True. I have nt made it myself but the imitation recipes on the internet rely on herbs such as coriander and angelica root and honey. wal
                Message 7 of 10 , May 10, 2008
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                  True. I have'nt made it myself but the imitation recipes on the
                  internet rely on herbs such as coriander and angelica root and honey.
                  wal
                  --- In Distillers@yahoogroups.com, "subsonic40grain"
                  <subsonic40grain@...> wrote:
                  >
                  > '...such luscious beverage is apt to introduce detestable habits'
                  >
                  > Mmmmm! Such as? Maybe we should all make some and see what happens!
                  >
                  > Just clearing up the aftermath of a big Texas BarB, the Limoncello was
                  > the best digestiff to finish with :-*) Subsonic.
                  >
                • Arsene Lupin
                  From my experience you wont extract cinnamon & aniseed this way. Anethol (aniseed), is distilled with water (you ll only get it at the very end of tails when
                  Message 8 of 10 , May 11, 2008
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                    From my experience you wont extract cinnamon & aniseed this way.
                    Anethol (aniseed), is distilled with water (you'll only get it at the
                    very end of tails when you are distilling water)

                    Cinnamon : I could never extract anything by distilling with alcohol,
                    perhaps water would be better

                    I never tried distilling licorice, glycirinic acid (the licorice
                    flavour) being an acid you'll only have a chance to distill it if you
                    are at lower pHs. The japanese patent will tell you how to properly
                    extract licorice. God bless google !

                    Cheers
                    Manu

                    --- In Distillers@yahoogroups.com, "Harry" <gnikomson2000@...> wrote:
                    >
                    >
                    >
                    > --- In Distillers@yahoogroups.com, "waljaco" <waljaco@> wrote:
                    > >
                    > > Liquorice? Having drank a pure sliced liquorice root infusion I cannot
                    > > agree. Aniseed is different to liquorice. But many of the old
                    > > usquebaugh recipes do contain liquorice root and even juniper berries
                    > > - see Recipes in Files.
                    > > wal
                    >
                    >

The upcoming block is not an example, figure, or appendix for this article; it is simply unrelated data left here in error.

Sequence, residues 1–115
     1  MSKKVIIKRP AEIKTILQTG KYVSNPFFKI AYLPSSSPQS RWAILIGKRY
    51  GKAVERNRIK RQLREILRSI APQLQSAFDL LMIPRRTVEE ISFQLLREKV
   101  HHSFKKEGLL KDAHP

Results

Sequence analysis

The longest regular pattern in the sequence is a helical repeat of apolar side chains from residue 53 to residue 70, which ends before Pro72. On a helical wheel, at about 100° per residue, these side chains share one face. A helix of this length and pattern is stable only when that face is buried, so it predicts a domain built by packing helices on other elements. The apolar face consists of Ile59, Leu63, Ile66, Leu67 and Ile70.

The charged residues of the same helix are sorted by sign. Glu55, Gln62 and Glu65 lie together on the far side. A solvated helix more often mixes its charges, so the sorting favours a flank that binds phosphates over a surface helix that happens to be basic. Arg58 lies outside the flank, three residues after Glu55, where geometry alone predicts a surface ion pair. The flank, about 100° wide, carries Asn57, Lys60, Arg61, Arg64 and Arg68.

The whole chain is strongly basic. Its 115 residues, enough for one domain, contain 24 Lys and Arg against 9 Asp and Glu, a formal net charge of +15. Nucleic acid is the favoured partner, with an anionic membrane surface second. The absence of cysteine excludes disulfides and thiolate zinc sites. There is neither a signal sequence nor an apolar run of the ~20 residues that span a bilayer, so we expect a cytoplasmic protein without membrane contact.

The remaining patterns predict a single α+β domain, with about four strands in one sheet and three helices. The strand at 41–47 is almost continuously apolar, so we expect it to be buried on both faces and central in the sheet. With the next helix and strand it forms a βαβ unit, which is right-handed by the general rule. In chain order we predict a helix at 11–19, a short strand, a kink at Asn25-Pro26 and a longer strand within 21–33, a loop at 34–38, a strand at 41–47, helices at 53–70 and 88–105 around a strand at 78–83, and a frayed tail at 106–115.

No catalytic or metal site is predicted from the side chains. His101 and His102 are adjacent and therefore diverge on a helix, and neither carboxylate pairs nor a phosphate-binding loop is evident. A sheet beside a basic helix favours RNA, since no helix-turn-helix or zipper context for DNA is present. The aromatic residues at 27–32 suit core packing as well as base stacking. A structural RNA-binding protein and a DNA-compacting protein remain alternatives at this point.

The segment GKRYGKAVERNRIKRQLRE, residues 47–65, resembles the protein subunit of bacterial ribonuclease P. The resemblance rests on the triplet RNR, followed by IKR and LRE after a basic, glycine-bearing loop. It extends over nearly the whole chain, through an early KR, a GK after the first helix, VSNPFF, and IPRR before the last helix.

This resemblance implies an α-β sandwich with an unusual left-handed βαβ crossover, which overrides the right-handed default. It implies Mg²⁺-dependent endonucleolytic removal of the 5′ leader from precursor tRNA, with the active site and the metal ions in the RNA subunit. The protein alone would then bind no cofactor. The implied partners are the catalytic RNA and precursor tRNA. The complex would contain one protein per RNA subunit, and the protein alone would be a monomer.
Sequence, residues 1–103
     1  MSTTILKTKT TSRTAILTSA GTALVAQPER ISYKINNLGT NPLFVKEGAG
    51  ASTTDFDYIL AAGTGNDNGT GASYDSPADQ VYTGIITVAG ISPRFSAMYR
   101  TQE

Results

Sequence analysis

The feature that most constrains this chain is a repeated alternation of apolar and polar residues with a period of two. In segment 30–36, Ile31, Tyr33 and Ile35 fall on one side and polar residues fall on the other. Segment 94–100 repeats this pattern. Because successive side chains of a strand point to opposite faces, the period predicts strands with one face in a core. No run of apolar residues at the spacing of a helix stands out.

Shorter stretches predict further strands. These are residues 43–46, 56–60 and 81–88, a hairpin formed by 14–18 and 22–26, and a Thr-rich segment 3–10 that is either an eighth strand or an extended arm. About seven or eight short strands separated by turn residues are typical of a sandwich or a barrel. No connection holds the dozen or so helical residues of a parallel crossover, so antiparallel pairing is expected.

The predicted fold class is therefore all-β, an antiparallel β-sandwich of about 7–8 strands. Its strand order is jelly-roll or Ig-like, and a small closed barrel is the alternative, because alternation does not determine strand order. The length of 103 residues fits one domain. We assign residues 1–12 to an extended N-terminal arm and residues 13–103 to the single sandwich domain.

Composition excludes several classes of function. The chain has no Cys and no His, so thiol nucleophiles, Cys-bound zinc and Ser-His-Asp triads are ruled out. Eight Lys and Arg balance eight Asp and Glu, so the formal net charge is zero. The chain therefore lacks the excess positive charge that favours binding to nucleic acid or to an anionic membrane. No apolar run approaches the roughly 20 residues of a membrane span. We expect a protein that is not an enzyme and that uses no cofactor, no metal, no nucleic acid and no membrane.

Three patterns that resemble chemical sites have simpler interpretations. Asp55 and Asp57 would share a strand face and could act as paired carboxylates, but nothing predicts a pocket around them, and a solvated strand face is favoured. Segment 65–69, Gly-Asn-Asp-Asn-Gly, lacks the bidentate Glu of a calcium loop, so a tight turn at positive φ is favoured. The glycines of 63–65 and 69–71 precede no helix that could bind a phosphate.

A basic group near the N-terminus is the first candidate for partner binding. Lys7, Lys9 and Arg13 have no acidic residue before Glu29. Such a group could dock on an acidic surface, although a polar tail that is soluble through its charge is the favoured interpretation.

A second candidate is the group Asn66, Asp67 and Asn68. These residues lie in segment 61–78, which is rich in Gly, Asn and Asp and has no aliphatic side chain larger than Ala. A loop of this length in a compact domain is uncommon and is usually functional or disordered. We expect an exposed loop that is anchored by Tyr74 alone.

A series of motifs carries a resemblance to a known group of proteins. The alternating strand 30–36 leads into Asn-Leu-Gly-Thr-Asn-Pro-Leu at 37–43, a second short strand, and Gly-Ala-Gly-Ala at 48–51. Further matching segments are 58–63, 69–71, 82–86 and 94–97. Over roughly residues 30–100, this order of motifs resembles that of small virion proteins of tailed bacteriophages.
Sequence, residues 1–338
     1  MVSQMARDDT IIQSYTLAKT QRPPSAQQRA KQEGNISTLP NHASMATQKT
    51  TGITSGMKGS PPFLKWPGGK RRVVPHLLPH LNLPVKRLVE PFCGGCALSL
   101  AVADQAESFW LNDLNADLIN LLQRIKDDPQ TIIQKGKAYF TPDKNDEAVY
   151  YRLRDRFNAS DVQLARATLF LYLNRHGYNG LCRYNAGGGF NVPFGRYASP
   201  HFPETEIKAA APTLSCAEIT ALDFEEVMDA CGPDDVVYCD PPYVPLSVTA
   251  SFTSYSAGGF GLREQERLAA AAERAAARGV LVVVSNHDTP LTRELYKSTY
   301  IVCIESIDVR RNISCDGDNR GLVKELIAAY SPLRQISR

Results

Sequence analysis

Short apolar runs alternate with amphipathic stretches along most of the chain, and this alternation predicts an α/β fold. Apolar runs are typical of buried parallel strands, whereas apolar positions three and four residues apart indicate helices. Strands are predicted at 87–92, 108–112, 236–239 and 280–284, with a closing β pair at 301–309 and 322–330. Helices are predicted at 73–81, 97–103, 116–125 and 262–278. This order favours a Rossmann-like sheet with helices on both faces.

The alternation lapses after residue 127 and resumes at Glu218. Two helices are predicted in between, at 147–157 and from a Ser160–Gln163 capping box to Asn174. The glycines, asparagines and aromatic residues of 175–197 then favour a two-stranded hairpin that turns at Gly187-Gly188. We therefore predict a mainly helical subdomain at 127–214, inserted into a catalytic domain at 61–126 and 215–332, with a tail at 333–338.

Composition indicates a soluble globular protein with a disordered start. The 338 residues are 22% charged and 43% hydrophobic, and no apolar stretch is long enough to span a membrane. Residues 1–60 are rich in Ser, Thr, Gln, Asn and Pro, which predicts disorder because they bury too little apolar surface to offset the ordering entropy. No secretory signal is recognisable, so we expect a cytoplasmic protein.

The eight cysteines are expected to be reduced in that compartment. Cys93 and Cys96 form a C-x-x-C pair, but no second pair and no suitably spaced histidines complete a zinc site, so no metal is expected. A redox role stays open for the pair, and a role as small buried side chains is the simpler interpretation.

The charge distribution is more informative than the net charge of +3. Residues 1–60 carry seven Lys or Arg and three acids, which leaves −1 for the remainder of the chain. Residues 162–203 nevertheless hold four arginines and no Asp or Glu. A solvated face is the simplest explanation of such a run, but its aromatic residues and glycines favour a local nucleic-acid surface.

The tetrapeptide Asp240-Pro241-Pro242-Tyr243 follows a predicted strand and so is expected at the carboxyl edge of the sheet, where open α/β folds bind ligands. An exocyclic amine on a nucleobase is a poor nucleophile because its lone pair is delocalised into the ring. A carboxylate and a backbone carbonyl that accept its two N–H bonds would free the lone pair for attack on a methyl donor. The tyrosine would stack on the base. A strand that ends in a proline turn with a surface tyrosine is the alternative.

> Try this one...
                    >
                    > From "The Domestic Encyclopaedia Vol4
                    >
                    <http://chestofbooks.com/reference/The-Domestic-Encyclopaedia-Vol4/index\
                    > .html> ", by A. F. M. Willich, 1802. Amazon: The Domestic Encyclopaedia
                    >
                    <http://www.amazon.com/gp/product/B0008BPZCE?ie=UTF8&tag=theultimatlearn\
                    > a&link_code=as3&camp=211189&creative=373489&creativeASIN=B0008BPZCE> .
                    > Usquebaugh
                    > Usquebaugh, a strong, compound, spirituous liquor, which is prepared in
                    > the following manner :
                    >
                    > Take of cloves, cinnamon, and nutmegs, each 2 oz.; of caraway, anise,
                    > and coriander-seeds, each 4 oz.; and half a pound ofliquorice-root, cut
                    > in slices. Let these ingredients be bruised, and distilled with11
                    > gallons of proof-spirit, and 2 gallons of water, till the faints begin
                    > to rise. When the liquor is about to run, 2 oz. of British saffron, tied
                    > in a linen bag, should be fixed to the extremity of the worm, so that
                    > the spirit may filtre through, and extract all the virtues of the
                    > saffron. When the distillation is completed, the whole should be
                    > sweetened with a sufficient quantity of double-refined sugar, and
                    > decanted for use.
                    >
                    > Usquebaugh is chiefly employed as a cordial, and may occasionally be
                    > drunk with advantage, by persons who have undergone great bodily fatigue
                    > ; but, as the possession of such luscious beverage is apt to introduce
                    > detestable habits, we conceive, that diluted rum, or other simple
                    > spirit, would afford a proper substitute for this expensive compound.
                    >
                    >
                    >
                    > Slainte!
                    > regards Harry
                    >
                  • Robert Hubble
                    Manu, I make a gin extract in a little coffeepot still like the one in Tony s site, and cinnamon is one of the ingredients in my gin recipe (I macerate the
                    Message 9 of 10 , May 12, 2008
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                      Manu,

                      I make a gin extract in a little coffeepot still like the one in
                      Tony's site, and cinnamon is one of the ingredients in my
                      gin recipe (I macerate the botanicals in about 50% abv).
                      It's really interesting to taste the output as it
                      progresses through the boiling points of the flavoring